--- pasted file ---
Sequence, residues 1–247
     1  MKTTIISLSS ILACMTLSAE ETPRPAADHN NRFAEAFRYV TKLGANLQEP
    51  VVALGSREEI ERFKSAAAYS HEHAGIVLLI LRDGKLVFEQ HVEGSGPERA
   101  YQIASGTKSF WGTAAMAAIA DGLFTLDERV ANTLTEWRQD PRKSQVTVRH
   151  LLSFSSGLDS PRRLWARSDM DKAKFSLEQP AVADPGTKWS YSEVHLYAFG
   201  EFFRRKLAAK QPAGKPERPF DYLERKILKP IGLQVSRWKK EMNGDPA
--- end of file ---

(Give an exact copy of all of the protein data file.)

Sequence, residues 1–247
     1  MKTTIISLSS ILACMTLSAE ETPRPAADHN NRFAEAFRYV TKLGANLQEP
    51  VVALGSREEI ERFKSAAAYS HEHAGIVLLI LRDGKLVFEQ HVEGSGPERA
   101  YQIASGTKSF WGTAAMAAIA DGLFTLDERV ANTLTEWRQD PRKSQVTVRH
   151  LLSFSSGLDS PRRLWARSDM DKAKFSLEQP AVADPGTKWS YSEVHLYAFG
   201  EFFRRKLAAK QPAGKPERPF DYLERKILKP IGLQVSRWKK EMNGDPA